Grieving During the Holidays
Your television, your social media and your friends are all encouraging you to "get into the season" and "be merry and bright." However, you might be having a hard time embracing the holiday season this year, especially if you've recently lost someone near and dear to your heart.
Dealing with loss is never easy, and even after months of managing, the holidays have a way of dredging up sad feelings, making it harder to cope. If you're anxious about the upcoming holidays, here are some ways to take care of yourself and make the most of time with family and friends.
Talk It Out
The biggest misconception of grief is that we have to face it alone. While everyone experiences grief differently, the feeling is something everyone will endure in their lifetime. And this shared experience gives us the opportunity to sympathize with each other. Whenever you think about a person you've lost or you start feeling depressed, it's okay to let a friend or family member know. Sometimes talking about your grief will lighten the load. If you don't feel like opening up to family or friends, you can also turn to the help of a counselor. These people are trained to help individuals handle difficult situations such as loss and can give you an outlet for expressing your grief.
Spend Time with Loved Ones
Regardless of whether you openly talk about your grief with friends and family, you should still strive to spend plenty of time with them. The company you keep can have a contagious effect on your spirits. While you might not feel like getting out of the house and going to family parties or hanging out with friends, spending time with other people will help quell your holiday blues and keep you from being alone. Don't be afraid to push yourself out, even if your impulse is to stay in. When it comes to fighting off sadness, there is always strength in numbers.
Find an Animal Companion
For times when there isn't much going on, and you find yourself at home alone with your depression slowly building, you'll want to have something to keep you busy. Many people dealing with depression and anxiety often rely on the support of their pets. Psychologists agree that having a dog is a great way to fight off feelings of depression, and a dog encourages those suffering from loss to open their hearts once again. Owning a dog forces you to put your own worries and sadness aside and fill their need for attention and affection. When a canine companion reciprocates the same amount of attention and affection, it can fill your heart with pure joy.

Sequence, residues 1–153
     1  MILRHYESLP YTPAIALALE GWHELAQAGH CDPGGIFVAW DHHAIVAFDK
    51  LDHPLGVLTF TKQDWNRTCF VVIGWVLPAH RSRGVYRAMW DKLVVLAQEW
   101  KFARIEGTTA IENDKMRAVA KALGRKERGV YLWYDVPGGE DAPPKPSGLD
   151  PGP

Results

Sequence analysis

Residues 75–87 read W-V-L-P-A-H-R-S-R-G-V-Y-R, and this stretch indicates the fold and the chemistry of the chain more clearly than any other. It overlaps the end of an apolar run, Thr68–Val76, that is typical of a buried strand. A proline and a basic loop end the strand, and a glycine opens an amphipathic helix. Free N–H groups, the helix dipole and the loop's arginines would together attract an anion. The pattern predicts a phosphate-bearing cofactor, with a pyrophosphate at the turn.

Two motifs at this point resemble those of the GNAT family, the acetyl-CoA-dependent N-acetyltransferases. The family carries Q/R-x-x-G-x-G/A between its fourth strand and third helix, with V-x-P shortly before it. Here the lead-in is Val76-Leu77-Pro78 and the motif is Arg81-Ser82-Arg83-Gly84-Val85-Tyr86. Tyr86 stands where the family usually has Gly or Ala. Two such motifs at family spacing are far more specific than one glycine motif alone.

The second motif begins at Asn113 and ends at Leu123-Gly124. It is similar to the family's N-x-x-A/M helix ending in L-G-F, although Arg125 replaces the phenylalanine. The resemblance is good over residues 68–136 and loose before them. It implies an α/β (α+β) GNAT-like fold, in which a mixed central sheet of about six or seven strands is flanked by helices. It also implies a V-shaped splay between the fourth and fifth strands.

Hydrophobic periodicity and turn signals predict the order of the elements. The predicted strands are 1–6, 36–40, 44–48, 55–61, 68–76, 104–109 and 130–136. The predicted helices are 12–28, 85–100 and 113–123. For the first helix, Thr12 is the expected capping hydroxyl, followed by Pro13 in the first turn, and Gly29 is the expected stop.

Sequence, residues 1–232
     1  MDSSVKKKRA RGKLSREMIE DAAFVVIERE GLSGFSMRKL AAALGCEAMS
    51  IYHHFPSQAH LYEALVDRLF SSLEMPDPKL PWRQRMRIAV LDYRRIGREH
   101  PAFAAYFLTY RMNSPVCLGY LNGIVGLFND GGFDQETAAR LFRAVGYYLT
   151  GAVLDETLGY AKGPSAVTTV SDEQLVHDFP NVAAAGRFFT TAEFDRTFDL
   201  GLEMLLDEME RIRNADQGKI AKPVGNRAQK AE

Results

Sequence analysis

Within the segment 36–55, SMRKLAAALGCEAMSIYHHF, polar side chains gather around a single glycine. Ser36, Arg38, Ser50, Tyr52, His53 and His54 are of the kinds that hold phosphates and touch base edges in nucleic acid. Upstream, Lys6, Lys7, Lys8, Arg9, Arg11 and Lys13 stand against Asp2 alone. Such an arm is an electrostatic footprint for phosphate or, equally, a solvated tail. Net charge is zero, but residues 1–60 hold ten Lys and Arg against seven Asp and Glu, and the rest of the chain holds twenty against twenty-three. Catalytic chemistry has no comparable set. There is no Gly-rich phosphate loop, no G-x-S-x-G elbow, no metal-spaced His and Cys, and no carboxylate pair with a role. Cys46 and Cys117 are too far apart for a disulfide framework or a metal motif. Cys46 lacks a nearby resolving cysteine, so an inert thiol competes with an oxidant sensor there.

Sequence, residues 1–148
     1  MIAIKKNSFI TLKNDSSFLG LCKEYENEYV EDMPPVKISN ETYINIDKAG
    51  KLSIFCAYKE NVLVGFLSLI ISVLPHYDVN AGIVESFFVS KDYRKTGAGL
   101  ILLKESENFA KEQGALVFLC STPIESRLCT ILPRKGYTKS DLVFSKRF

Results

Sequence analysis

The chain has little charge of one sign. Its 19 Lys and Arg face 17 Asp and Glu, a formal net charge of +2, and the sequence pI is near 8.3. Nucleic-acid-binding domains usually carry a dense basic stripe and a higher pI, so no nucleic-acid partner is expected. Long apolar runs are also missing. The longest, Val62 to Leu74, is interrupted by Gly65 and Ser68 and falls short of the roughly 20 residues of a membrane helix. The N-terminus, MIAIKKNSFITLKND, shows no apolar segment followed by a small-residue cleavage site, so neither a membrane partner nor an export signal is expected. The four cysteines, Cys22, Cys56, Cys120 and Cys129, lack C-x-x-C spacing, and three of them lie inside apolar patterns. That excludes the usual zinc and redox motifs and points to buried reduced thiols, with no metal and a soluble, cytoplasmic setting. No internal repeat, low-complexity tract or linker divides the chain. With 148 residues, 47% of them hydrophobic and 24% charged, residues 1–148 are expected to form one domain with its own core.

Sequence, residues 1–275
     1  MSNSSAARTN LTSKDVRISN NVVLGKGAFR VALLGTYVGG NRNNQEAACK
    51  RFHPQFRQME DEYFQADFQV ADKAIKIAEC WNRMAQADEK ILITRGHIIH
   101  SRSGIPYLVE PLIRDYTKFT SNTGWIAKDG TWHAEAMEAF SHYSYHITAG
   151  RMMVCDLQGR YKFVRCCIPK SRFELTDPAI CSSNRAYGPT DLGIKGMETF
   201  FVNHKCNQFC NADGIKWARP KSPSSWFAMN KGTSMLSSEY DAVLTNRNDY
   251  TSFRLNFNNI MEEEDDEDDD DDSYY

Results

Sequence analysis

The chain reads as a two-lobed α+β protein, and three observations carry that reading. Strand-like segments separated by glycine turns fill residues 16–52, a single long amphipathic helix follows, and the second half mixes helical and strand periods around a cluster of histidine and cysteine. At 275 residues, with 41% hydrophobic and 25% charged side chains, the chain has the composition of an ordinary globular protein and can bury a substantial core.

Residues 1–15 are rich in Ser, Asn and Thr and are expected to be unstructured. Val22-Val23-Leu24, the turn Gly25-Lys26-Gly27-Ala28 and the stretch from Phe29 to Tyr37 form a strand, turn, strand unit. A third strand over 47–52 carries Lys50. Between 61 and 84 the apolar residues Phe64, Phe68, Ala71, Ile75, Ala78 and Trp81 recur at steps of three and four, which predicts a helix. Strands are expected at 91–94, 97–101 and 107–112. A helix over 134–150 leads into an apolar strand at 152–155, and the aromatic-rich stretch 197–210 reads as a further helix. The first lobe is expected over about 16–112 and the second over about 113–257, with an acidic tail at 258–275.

Look for the Silver Lining
How the holidays impact you will also depend on how you're dealing with your loss. It's important to accept the fact that you are going to feel sadness, and it's okay to miss a person who meant so much to you. Spending time with family, friends, or a faithful canine friend all fall beneath a larger strategy of handling your grief by engaging your mind in other activities. While you will never forget the person you lost, you should still give yourself the opportunity to move on from the same vicious cycles of guilt, depression and anxiety that often follow a death. You deserve to cherish their memory in a way that reminds you of the joy you shared with them in life, and not the circumstances of their death.
So talk, spend time with loved ones, get yourself out and about, sing carols and eat lots of holiday comfort foods. Curl up under a blanket with your pet and give them a squeeze, they won't mind. None of this will keep you from feeling sad, but it can help you feel a little more merry and bright.
—Lucille Rosetti, The Bereaved.org
Mountain Valley Hospice & Palliative Care offers free grief support to the community at large. For more information, contact us today at 336-789-2922 (toll-free 1-888-789-2922).
Photo Credit: Pixabay
Tags: Grief Support